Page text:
John Mariani Responds To Anthony Bourdain’s Slam Against Crotchety Old Food Critics
In a recent, lengthy interview with The Houston Press, Anthony Bourdain cited the death of jacketed fine-dining and the evolution of hipster food as an important step in enriching the culinary scene. But, of course, he couldn’t say that without insulting some established, well-respected food critics in the process, because Anthony Bourdain. Among his many, layered burns:
“Young people in their twenties are out there spending their hard-earned money on food, which was an unthinkable scenario 25 years ago…Even restaurants like Le Bernadin in New York are changing themselves to be more friendly and more inviting to people who aren’t middle-aged oligarchs…When I hear some snowy-haired, long-time food critic for a men’s magazine whining about the decline of service, I just don’t care. Those guys are just a bunch of old, entitled farts who’ll die soon anyway.”
In response, snowy-haired, long-time food critic for Esquire John Mariani whined about hipsters:
“If I whine, it’s not about a decline in service but about a contemporary form of service whereby the customer comes dead last, after the chef’s insistence that there be no menu but what he wants to serve, an atmosphere that is deliberately intense, sometimes ear-shattering, even antagonistic, and waiters who look like they didn’t get around to a bath that week have to shout to be heard and do nothing more than deliver and pick up plates—for which you pay a bill that is about 80% or the same as at a fine dining restaurant Le Bernardin.”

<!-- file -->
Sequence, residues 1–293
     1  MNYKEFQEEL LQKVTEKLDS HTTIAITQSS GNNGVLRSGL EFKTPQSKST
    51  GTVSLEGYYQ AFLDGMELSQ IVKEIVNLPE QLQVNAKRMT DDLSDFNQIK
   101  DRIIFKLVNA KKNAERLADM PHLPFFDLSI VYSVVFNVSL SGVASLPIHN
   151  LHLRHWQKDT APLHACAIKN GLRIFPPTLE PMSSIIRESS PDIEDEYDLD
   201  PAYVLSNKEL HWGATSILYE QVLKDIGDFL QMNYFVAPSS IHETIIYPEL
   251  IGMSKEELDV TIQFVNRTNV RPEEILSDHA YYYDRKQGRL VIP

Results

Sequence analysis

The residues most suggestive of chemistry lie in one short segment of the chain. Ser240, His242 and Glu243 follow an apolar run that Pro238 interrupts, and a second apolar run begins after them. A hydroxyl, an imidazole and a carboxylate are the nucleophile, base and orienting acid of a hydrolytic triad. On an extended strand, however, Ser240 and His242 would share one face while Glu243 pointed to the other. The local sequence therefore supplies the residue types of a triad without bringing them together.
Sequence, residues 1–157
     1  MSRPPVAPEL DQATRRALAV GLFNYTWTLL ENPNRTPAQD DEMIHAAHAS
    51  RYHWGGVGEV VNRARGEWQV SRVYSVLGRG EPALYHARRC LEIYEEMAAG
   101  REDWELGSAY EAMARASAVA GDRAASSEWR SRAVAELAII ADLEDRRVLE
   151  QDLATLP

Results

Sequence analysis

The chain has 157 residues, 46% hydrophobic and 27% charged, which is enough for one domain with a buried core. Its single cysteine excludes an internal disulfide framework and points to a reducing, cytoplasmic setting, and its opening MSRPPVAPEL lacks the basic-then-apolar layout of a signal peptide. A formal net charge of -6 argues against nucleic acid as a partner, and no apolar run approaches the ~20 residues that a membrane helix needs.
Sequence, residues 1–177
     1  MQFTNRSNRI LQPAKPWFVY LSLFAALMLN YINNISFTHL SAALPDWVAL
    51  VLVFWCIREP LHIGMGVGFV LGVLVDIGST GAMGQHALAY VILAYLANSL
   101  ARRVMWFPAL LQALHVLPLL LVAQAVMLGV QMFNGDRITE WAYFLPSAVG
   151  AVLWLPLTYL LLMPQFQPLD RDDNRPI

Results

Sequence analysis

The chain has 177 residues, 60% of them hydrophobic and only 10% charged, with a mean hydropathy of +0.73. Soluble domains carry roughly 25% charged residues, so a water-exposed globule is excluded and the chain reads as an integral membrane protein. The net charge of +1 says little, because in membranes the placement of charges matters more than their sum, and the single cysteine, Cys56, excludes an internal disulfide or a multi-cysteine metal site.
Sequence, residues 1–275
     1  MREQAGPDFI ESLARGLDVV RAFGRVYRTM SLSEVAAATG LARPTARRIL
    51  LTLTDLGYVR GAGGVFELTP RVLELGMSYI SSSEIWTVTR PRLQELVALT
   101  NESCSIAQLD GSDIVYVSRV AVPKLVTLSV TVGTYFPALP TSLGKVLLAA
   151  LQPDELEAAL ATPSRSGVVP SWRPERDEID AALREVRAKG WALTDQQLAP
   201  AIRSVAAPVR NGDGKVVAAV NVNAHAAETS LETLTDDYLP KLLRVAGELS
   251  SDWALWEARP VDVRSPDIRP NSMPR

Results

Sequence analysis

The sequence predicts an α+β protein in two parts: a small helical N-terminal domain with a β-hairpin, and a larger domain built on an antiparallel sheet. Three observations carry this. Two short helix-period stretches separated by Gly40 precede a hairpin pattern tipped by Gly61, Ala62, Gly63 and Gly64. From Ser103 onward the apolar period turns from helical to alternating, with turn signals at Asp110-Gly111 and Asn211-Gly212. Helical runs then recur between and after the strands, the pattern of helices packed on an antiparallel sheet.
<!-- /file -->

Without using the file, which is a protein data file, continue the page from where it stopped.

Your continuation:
You hear that, you hooligans? Turn down your slam-dancing music! It’s messing with the old folks’ taste perceptions. You know, in Mariani’s day, nothing came between you and your perfectly cooked scah-llop except the delicate tinkling of fancy forks on fancy plates around you, and perhaps some lovely classical violin playing softly in the background.
…Yeah. The moral of this story, we think, is that both old men and hipsters are equally annoying. Anthony Bourdain, old man hipster, beats the odds, yet again.
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